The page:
The removal of the Standby Generator will reduce maintenance requirements at the station as well as the need for fuel delivery. The installation of the LED light-source also removes the need to change lamps and reduces the number of visits by the Attendant to the station. Power requirements to the station have also been reduced resulting in lower electricity costs. The installation of an Automatic Identification System (AIS) unit for monitoring eliminates communications costs.

With the help of modern technology, CIL consistently delivers a low-maintenance, low-energy and carbon-emission reducing Aids to Navigation service around the Coast of Ireland.

Published in Lighthouses

#lighthouses – Aids to navigation and their reliability are constantly monitored by CIL, Ireland's safety-critical marine organisation via a sophisticated network of remote coastal communications links. This ensures Ireland's coastal navigation network of 72 lighthouses, 29 beacons, and 118 buoys meets the international availability standard of 99.8%, giving all mariners a high degree of confidence and security for passage planning.

The GLAs are undertaking a review of aids to navigation provision around the coasts of Ireland and Great Britain during 2014 and CIL require feedback from all users of marine Aids to Navigation.

Many changes can occur which affect aids to navigation requirements and their development such as trade patterns, vessel types and volume, the seabed and the development of offshore projects. Every 5 years the GLA consider quality user input to be an essential component of this review which will be published in 2015.

Marine users of aids to navigation are invited to contribute to the review by commenting on the usefulness and usability of existing AtoN provided by the GLAs. Is there any proposed requirement for the provision of additional aids to navigation? If the current mix of aids to navigation provided by CIL is effective including lighthouses, buoys, beacons, Racons, Automatic Identification System (AIS) AtoN and Differential GPS? What is the benefit to users of the provision of additional data such as meteorological data? Has this data become essential in everyday use? How effective are the systems used to promulgate information relating to aids to navigation?

Emphasising the critical importance of user input Captain Robert McCabe, Director of the Operation and Navigation Services Department in CIL commented "Marine Aids to Navigation must serve all users of the sea, from small leisure and fishing craft to large liners and cargo vessels. Input from experienced users is essential to the process of defining the correct mix of aids to navigation. Local knowledge and experience built through time at sea cannot be replaced by desktop analysis no matter how modern and sophisticated the tools may be".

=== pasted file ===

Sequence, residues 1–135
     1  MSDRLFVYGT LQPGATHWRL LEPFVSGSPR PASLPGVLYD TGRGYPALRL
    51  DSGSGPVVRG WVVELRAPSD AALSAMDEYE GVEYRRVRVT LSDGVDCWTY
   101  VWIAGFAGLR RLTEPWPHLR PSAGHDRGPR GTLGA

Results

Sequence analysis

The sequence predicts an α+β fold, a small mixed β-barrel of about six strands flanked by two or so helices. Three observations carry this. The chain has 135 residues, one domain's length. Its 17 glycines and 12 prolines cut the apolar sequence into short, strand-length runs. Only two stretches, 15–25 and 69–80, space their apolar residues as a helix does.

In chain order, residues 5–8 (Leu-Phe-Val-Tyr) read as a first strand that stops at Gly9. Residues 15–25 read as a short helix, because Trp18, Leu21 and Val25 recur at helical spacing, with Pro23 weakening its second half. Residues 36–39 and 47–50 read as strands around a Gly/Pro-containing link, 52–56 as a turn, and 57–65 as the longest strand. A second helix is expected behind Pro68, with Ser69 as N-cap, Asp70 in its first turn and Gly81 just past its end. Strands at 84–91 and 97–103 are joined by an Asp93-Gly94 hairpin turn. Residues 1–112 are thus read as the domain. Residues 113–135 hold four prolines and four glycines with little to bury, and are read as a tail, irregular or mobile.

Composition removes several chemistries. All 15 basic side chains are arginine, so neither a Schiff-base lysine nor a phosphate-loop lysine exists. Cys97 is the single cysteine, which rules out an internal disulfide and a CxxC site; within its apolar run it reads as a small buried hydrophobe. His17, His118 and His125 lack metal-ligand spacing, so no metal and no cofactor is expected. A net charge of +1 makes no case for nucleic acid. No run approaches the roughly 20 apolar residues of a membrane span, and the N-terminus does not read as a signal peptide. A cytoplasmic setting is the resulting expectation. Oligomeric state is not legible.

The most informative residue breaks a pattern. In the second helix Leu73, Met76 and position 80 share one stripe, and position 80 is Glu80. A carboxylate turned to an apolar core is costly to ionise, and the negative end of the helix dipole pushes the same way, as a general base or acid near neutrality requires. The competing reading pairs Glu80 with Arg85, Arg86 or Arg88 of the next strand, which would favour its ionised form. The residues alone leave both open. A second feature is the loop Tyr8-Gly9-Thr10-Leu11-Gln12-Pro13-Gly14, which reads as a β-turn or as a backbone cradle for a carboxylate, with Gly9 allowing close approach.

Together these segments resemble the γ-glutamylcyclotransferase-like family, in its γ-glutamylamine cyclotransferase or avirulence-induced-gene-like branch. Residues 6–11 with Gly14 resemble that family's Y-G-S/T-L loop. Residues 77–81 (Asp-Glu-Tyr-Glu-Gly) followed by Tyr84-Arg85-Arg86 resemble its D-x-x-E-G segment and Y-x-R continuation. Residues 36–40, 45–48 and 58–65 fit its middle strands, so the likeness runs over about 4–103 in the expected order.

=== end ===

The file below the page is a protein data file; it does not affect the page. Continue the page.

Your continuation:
Please feel free to comment on any of the issues outlined before 31 March 2014 by emailing [email protected] or write to Navigation Services, Commissioners of Irish Lights, Harbour Road, Dun Laoghaire, Co. Dublin.

Published in Lighthouses

#lighthouses – As we face into a period of stormy weather over the Christmas period Commissioners of Irish Lights (CIL) stands ready to respond to any marine emergency in Irish Waters. CIL is responsible for the maintenance of physical and electronic Aids to Navigation around the Irish Coast and for ensuring safe navigation of passenger and cargo traffic in the event of wreck or other new dangers.

CIL has provided AtoN services in Ireland for over 200 years. The time of the lightkeeper has now passed as automation came to the fore in 1996 but guiding those at sea home safely during Christmas is essential in CIL's service to the mariner.

Irish and UK AtoN are monitored 24 hours a day via a sophisticated network of remote coastal communications links. This ensures that Ireland's coastal navigation network of 72 lighthouses, 29 beacons, and 118 buoys meets the international availability standard of 99.8%, giving all mariners a high degree of confidence and security for passage planning.

In the case of emergency in Irish waters, the Granuaile, CIL's 80 metre multifunctional ship with her highly experienced captain and crew of 15 will respond immediately. CIL's mechanical, electrical and electronic experts are on call 24 hours a day to cover any emergency. Lighthouse attendants around Ireland are also ready to deliver local response when required. A pilot and EC135 aircraft from Irish Helicopters is also on standby in case of emergency at offshore stations.